Goals are incredibly important to the achievement of any great outcome. It’s how we structure our lives and organize ourselves. For example, the two most common goals in senior living are to remain independent and to age in place. Luckily, achieving these goals doesn’t have to be complicated. In fact, our friends at Vivante bring a variety of resources/advice you can use to achieve any goal. Here are 10 friendly ways to motivate seniors to achieve their goals:
1. Give Them Something To Look Forward To
Seniors may have a hard time setting goals and then achieving them. That doesn’t mean they can’t be encouraged to set their sights on something that will help them grow and develop. For example, if they want to improve their health, find a fun class to take. Even if they don’t achieve all of their goals, do your best to find ways for them that are within reach.
2. Be A Good Listener
Although seniors can become easily distracted, they do want to hear what you have to say. In fact, many seniors are lonely and enjoy the company of younger family members and friends. If they know you are interested in what they have to say and care about their opinion, they will likely become more interested in what you offer and may even want to spend more time with you.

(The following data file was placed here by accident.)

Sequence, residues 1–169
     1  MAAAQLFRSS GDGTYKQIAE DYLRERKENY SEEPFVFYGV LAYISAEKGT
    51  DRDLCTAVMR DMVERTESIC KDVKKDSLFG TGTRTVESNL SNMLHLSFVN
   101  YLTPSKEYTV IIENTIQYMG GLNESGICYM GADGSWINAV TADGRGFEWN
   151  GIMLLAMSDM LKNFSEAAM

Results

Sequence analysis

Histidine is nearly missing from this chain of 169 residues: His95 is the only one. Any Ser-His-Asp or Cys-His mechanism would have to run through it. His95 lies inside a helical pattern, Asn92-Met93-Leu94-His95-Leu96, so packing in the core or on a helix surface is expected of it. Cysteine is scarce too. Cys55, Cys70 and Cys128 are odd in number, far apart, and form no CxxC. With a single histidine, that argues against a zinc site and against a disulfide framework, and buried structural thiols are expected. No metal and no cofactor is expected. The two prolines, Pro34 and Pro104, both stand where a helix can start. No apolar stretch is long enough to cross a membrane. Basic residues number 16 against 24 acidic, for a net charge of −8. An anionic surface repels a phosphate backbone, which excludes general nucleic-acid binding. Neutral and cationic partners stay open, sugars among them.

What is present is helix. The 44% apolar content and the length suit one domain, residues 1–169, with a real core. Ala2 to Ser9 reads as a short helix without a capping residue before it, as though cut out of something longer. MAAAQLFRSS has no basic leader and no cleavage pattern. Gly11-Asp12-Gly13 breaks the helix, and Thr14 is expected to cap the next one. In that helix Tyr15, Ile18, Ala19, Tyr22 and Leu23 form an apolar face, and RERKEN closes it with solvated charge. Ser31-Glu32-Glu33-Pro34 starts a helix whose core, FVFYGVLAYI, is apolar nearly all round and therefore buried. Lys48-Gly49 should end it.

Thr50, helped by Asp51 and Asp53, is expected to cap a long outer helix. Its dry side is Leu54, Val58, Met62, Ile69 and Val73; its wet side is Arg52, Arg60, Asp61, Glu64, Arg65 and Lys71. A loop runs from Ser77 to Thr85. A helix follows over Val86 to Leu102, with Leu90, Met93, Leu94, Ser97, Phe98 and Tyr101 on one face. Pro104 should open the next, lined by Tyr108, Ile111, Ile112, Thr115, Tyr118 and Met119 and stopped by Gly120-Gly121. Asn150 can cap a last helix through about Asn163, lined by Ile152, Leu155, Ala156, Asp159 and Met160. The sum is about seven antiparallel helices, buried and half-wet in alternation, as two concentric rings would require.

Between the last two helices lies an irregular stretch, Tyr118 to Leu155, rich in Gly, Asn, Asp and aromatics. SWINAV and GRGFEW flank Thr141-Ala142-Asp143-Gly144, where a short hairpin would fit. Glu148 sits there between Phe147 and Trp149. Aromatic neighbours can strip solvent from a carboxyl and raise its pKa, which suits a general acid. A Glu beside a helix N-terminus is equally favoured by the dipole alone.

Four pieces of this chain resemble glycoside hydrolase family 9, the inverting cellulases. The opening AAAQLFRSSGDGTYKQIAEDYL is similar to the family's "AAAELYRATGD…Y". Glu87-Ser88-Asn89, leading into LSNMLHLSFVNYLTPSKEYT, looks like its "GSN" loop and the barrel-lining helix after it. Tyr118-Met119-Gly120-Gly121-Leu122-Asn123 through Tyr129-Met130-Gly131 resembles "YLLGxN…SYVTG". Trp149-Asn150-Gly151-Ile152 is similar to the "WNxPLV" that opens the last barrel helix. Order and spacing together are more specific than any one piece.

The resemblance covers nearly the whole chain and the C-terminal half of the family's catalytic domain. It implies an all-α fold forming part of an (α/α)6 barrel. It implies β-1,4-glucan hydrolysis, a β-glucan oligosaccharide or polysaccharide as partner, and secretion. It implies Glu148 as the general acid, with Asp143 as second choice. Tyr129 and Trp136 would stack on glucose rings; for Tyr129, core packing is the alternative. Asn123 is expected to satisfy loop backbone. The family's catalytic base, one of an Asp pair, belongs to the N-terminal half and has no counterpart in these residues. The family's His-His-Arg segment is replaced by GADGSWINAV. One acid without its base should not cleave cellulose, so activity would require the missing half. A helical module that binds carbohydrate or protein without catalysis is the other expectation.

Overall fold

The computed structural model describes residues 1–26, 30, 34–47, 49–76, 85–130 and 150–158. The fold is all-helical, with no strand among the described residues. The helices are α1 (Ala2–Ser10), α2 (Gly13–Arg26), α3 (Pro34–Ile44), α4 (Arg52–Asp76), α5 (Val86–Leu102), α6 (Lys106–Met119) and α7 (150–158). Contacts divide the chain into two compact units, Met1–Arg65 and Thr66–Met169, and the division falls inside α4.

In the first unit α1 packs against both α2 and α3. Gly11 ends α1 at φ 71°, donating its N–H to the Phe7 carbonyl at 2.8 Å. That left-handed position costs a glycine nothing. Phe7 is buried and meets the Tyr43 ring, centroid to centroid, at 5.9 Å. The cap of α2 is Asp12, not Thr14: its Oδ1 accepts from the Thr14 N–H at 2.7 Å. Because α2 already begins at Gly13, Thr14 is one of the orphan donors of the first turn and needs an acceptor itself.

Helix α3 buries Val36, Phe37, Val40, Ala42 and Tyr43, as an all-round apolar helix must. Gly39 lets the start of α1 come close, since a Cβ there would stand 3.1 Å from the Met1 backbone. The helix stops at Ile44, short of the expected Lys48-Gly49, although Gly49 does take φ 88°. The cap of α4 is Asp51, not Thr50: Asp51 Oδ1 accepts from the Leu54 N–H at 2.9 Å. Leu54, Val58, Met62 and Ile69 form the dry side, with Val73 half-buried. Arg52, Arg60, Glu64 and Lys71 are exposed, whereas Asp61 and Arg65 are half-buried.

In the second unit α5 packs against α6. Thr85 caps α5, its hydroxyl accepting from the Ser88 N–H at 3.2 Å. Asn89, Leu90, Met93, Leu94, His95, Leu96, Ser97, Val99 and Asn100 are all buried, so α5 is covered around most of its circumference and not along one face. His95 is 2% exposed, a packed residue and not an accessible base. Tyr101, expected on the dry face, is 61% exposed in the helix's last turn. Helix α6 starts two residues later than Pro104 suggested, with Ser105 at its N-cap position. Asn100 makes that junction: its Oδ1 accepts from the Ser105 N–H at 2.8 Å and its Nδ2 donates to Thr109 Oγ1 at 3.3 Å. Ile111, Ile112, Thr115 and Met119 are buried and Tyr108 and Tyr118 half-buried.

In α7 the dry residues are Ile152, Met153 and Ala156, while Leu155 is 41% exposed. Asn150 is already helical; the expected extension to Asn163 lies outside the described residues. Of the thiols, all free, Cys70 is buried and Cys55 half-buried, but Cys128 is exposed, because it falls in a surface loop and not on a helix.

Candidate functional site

3. Let Them Know You’ll Be There To Help
If your loved one is struggling with a goal, they must know they have support from you, too! You don’t want someone feeling alone in their quest for success—and you certainly don’t want them giving up just because they’re having trouble doing something as simple as taking a shower or getting dressed every morning!
4. Give Them Choices
One of the best ways to motivate seniors is to give them choices. After all, if you offer them a choice between two options and one is more appealing, chances are good that they’ll choose that option over going with the less appealing option.
Here are some ways you can do this:
- Give your client a choice between two or three things or activities that they want to pursue at home. For example, maybe he wants his wife’s help choosing music for their favorite mealtime while she’d rather learn how to dance ballet moves at her local rec center; together, they can make those decisions!